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The following information was supplied by Maxie Duke a close friend and hiking partner of Sid Ballenger.  In her own words:


            Sid Ballenger standing outside
                  Walhalla High School 

                                          Addendum to SID'S FALLS for

                                                                Maxie W. Duke
                                                                  July 10, 2011


          It is difficult indeed to add anything to what has already been written or said about Sidney Holmes Ballenger, Jr., his life and times, or his love of the great outdoors, the wonders of nature and “what God hath wrought.”  Please read through the following added messages concerning “The Chaser of Waterfalls” and if error is found, correct.

          Sid Ballenger and his two friends, John Danner and Maxie Duke, began their search for waterfalls in Oconee County while attempting to hike the Bartram Trail.  Their first jaunt began off Highway #107 to the Chattooga River and ended in the parking lot on Highway #28, believed to be about seven miles long.  It felt a great deal longer than that, the day it was hiked.  The conversation, as we walked and talked, centered on the waterfalls, pools, wild flowers, and wildlife tracks encountered along the way.  Somehow, an allegiance was formed to search for the waterfalls in the area. Later it became Some Waterfalls, Shoals & Cascades, of Oconee County, South Carolina,  nine hand-published books documenting the sites with hiking distances and a locater map.  Sid insisted on the title “Some,” firmly believing that all the waterfalls in the immediate Oconee area had not been documented.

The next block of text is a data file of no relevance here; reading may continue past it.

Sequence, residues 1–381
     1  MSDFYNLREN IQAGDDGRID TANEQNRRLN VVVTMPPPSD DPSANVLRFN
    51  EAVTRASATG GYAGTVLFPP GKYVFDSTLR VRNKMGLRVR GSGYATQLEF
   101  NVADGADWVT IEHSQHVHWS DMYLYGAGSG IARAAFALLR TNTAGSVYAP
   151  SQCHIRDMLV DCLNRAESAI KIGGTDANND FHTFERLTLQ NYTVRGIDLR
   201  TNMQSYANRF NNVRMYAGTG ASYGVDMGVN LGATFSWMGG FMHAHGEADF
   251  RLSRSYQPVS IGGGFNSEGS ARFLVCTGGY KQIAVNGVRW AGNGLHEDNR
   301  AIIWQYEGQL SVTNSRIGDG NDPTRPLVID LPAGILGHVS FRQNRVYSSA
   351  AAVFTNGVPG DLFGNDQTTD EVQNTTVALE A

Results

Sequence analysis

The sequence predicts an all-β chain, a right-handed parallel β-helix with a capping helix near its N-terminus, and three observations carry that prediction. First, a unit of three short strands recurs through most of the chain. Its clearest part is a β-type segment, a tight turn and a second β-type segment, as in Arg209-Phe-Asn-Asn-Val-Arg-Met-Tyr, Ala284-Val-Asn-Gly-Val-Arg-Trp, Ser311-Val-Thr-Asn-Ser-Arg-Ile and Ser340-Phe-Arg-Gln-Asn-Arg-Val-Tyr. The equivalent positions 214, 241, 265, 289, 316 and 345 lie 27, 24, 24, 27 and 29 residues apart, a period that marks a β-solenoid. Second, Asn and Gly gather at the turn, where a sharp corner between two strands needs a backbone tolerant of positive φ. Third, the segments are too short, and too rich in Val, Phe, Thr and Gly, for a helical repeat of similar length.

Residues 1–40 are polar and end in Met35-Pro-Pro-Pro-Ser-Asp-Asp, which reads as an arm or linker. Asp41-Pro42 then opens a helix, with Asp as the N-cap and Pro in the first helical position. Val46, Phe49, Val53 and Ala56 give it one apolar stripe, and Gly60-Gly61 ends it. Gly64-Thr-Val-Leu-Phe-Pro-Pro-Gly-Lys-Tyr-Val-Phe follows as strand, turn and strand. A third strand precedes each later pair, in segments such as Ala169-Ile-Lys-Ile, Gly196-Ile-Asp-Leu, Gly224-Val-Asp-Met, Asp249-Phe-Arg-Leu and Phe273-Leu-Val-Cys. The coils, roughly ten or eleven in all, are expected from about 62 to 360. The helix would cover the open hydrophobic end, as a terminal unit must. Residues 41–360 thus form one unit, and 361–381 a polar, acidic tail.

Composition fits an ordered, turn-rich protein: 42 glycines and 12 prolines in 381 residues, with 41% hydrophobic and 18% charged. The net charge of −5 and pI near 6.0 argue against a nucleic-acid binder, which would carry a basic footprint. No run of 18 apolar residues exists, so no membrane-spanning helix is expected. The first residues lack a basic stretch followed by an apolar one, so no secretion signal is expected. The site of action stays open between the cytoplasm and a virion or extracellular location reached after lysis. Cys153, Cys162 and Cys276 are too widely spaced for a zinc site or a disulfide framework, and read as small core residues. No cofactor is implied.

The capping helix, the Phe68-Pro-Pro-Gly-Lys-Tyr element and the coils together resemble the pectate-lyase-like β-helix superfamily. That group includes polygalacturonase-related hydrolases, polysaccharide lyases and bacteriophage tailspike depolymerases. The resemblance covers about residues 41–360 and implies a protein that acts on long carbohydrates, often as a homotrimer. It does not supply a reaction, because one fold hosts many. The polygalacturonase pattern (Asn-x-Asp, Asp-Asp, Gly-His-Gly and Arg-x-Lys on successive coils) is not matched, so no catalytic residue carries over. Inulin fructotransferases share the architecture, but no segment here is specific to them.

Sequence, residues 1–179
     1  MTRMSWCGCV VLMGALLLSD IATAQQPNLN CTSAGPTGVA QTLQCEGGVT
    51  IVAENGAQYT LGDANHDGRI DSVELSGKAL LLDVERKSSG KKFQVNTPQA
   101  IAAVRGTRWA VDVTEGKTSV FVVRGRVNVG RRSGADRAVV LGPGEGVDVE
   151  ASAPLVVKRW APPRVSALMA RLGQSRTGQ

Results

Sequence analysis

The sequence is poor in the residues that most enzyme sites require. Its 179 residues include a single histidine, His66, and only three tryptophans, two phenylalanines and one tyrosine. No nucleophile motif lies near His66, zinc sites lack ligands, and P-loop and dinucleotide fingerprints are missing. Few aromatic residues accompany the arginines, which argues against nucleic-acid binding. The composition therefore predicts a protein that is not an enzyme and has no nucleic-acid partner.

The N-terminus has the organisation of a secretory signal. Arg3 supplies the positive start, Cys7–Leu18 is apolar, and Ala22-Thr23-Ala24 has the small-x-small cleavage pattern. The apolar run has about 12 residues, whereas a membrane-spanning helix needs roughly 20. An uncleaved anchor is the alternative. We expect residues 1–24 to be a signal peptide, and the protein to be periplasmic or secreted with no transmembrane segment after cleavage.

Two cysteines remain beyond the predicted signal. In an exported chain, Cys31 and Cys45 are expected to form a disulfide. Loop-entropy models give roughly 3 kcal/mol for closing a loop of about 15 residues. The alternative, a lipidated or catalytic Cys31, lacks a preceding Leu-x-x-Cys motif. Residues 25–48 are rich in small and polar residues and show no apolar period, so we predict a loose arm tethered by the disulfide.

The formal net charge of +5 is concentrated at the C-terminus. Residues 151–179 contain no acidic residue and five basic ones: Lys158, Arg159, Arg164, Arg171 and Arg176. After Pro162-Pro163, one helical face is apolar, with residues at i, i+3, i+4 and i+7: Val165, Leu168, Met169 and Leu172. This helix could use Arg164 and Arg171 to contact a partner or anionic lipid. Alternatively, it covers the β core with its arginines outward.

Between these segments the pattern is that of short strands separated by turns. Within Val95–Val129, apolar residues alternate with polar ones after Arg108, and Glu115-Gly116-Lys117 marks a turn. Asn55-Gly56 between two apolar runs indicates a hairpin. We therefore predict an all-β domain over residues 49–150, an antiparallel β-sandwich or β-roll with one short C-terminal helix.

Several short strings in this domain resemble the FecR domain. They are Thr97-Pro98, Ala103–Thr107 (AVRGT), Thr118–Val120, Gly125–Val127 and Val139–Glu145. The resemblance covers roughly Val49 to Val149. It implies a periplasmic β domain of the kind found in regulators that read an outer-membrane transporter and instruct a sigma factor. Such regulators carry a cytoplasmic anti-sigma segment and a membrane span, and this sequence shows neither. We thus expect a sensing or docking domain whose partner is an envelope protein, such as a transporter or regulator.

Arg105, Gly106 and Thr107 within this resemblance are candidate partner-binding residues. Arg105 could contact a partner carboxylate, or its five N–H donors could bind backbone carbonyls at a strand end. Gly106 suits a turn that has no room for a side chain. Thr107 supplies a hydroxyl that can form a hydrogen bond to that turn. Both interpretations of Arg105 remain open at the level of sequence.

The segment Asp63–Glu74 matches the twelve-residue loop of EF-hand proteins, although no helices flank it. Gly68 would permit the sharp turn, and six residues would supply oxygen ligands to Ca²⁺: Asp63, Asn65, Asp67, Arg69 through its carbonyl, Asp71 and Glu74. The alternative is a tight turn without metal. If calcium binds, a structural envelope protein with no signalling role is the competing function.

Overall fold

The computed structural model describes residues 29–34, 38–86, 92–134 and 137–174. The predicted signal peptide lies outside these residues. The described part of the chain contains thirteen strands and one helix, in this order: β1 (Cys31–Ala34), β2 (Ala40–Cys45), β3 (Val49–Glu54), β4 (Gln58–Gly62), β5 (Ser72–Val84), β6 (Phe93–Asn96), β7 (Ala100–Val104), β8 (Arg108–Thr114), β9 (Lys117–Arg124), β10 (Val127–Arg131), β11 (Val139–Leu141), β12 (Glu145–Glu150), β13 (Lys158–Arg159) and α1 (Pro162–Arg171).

After Sid’s untimely death in 1991 at age 73 it was suggested that a waterfall should be named in his memory.  Thus began the search for a new, unnamed waterfall.  David Hedden, a Forest Service Ranger, declared he knew of a falls without a name; he proceeded to show the falls to Maxie Duke, a hike that began as though going to Long Creek Falls, but took a sharp turn to the left about half-way down the mountain to the Chattooga.  Following dry and wet branches, turning this way and that, no trail available, the creek known as “Shoulder Bone Branch” was discovered.  And there, in plain sight, was “Sid’s Falls.”

          The Forest Service thought differently, however, saying that unless a person had been associated with the falls for a period of time (as in a grist mill, for instance), the name could not be given.  Petitions were circulated.  Numerous folk lent their names (124) to the petition which read:


          “We, the undersigned residents of Oconee County, South Carolina, living in the area of the Town of Walhalla, request that the following waterfall located in the Sumter National Forest be named ‘Sid’s Falls’ to honor the memory of the late Sidney Holmes Ballenger, Jr.  The waterfall is in Sumter National Forest, Oconee County, SC, and is located on Shoulder Bone Branch which feeds into the Chattooga River.”

          When the petitions were sent to the U. S. Department of the Interior, the following statements were attached: